Emergency care can be confusing, especially since the Affordable Care Act (ACA) changed how health insurance plans pay for emergency care. Here are some frequently asked questions and answers about emergency health insurance coverage in Wisconsin to help sort out the confusion.
If you have a health insurance plan that you’ve purchased on or after March 23, 2010, it generally will cover emergency care. Emergency care is one of the ten essential health benefits offered by all ACA-compliant plans. However, if you have a plan that you bought before this date, it is possible that it may not cover emergency care. You will need to check your policy to determine your coverage in the case of a health emergency.
If you have an ACA-compliant plan in Wisconsin, you cannot be charged more for going out-of-network for emergency care. In other words, in emergency circumstances, you may go to the nearest hospital, even if it’s out-of-network. Your insurance company is required to pay if it is truly an emergency (severe life or limb-threatening illness or injury). However, keep in mind that you will still have to pay any copays and coinsurance for emergency care and ambulance transport specified by your health insurance plan. Tests and services, such as lab work and x-rays may not be covered.
No. You do not need prior authorization to go to the ER if you have an ACA-compliant plan. However, as soon as you can, you should call your Primary Care Physician (PCP) and tell the PCP about your emergency. Your PCP will set up any follow-up care you need. This is very important, because if you went to an out-of-network ER, your health insurance company won’t pay for follow-up care that is also out-of-network. Your PCP will see that your follow-up care is appropriate and in-network so that it is covered by your health insurance plan.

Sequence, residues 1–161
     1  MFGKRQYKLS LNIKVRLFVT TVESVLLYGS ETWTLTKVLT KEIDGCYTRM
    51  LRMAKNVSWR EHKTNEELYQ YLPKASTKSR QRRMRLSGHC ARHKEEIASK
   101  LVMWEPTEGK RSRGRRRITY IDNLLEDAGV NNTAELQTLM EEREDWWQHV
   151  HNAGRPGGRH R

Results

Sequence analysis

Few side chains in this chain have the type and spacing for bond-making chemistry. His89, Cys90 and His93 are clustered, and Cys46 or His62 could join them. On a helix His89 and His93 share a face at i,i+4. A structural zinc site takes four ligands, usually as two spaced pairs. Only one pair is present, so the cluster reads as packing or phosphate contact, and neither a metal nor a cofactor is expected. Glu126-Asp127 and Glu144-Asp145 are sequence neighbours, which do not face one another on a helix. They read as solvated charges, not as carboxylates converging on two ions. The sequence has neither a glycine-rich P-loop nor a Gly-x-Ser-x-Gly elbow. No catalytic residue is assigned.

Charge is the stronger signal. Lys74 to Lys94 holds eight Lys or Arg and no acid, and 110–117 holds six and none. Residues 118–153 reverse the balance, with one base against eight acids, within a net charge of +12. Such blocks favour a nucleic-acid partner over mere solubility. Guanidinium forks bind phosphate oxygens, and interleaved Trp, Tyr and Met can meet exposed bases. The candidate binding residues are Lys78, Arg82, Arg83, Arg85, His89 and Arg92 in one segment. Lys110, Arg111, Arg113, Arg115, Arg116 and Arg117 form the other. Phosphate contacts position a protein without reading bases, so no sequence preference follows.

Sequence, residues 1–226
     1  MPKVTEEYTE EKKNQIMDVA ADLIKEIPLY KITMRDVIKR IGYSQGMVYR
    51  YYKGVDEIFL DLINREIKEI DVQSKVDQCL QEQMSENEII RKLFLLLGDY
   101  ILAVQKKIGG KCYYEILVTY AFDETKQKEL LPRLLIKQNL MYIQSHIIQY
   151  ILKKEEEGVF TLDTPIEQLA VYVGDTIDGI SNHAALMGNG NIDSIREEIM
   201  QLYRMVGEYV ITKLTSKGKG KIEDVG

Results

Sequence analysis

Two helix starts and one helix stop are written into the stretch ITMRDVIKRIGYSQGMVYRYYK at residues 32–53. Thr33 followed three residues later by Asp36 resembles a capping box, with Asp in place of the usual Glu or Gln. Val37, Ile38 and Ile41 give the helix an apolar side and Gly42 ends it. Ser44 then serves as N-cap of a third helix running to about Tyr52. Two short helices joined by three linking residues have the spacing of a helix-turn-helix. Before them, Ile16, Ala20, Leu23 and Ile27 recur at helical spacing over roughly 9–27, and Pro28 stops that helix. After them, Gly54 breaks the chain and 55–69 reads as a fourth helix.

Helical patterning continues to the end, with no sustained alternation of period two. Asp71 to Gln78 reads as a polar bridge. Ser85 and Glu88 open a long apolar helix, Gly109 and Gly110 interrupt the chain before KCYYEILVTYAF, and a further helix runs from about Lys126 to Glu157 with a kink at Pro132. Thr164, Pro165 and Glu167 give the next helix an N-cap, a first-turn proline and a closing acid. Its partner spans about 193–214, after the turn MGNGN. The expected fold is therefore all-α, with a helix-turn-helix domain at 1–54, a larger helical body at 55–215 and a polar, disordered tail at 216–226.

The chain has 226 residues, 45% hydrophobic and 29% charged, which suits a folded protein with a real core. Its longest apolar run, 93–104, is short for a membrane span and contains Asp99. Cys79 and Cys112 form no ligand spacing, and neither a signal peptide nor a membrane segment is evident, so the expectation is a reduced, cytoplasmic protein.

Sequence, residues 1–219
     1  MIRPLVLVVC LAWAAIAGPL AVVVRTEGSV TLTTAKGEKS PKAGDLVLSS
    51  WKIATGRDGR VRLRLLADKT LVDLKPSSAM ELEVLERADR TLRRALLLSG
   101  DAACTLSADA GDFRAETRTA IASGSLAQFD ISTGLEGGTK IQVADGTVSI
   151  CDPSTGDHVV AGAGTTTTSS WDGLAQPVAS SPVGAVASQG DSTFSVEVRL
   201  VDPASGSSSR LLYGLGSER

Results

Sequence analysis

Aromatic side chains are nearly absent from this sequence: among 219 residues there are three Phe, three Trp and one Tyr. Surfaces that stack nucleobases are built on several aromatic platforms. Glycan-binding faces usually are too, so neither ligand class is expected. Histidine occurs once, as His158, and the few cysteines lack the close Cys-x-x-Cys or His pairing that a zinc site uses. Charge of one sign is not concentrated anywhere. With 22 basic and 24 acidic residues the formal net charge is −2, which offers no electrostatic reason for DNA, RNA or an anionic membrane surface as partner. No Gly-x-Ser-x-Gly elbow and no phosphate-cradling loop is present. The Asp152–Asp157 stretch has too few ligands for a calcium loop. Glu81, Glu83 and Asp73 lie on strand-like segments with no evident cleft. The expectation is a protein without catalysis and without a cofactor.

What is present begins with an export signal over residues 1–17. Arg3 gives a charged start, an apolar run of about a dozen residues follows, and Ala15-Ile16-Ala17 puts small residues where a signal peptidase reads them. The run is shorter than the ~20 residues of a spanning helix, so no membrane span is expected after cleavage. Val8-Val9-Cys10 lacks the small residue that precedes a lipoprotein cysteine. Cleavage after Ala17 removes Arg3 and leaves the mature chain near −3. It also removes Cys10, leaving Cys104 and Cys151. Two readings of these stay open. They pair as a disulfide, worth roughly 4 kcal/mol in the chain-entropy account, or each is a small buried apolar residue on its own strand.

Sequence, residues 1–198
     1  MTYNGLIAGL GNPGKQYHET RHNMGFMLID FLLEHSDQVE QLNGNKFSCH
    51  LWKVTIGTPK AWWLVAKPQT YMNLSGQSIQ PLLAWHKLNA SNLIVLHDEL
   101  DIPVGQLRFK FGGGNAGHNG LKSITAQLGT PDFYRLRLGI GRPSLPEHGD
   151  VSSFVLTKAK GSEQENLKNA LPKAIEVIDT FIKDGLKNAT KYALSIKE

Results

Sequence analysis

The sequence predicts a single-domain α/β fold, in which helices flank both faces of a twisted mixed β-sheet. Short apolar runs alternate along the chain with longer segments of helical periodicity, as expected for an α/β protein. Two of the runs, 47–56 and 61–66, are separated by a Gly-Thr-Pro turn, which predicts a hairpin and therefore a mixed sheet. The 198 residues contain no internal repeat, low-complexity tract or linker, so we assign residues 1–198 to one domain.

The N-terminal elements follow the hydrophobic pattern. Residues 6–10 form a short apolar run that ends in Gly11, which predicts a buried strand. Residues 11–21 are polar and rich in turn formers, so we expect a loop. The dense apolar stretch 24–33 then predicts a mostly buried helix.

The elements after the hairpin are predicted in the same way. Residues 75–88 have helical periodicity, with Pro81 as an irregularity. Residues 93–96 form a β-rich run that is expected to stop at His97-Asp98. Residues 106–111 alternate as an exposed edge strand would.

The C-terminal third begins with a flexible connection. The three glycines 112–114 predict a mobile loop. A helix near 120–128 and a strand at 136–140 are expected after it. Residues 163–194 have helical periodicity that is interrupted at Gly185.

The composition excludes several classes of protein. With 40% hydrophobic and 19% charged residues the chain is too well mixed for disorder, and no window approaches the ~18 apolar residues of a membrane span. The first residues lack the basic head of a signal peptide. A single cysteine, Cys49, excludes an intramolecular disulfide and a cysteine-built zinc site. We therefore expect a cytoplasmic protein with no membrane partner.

If you have an ACA-compliant health plan, covered charges for emergency care will be paid by your health insurance provider, whether in-network or out-of-network. However, you are still liable for the copays or coinsurance of the emergency and follow-up services. Also, if you went to an out-of-network hospital, you may be billed for the difference between what the hospital charged and what your insurance company covered. This price difference will depend on the emergency services required and the type of plan you have. You may also be liable for any follow-up care you had at the out-of-network hospital.
You cannot get emergency health insurance coverage at just any time. By law, you can only buy health insurance during open enrollment or if you qualify for a Special Enrollment Period (SEP). Eligibility for a SEP is based on major life changes such as marriage, divorce, birth or adoption, relocation and other events. Learn more about Special Enrollment Periods.
Still have questions about getting emergency care with a new health insurance plan? Quartz can help. Give us a call at 800.362.3310 to talk with one of our friendly, knowledgeable and helpful customer service representatives.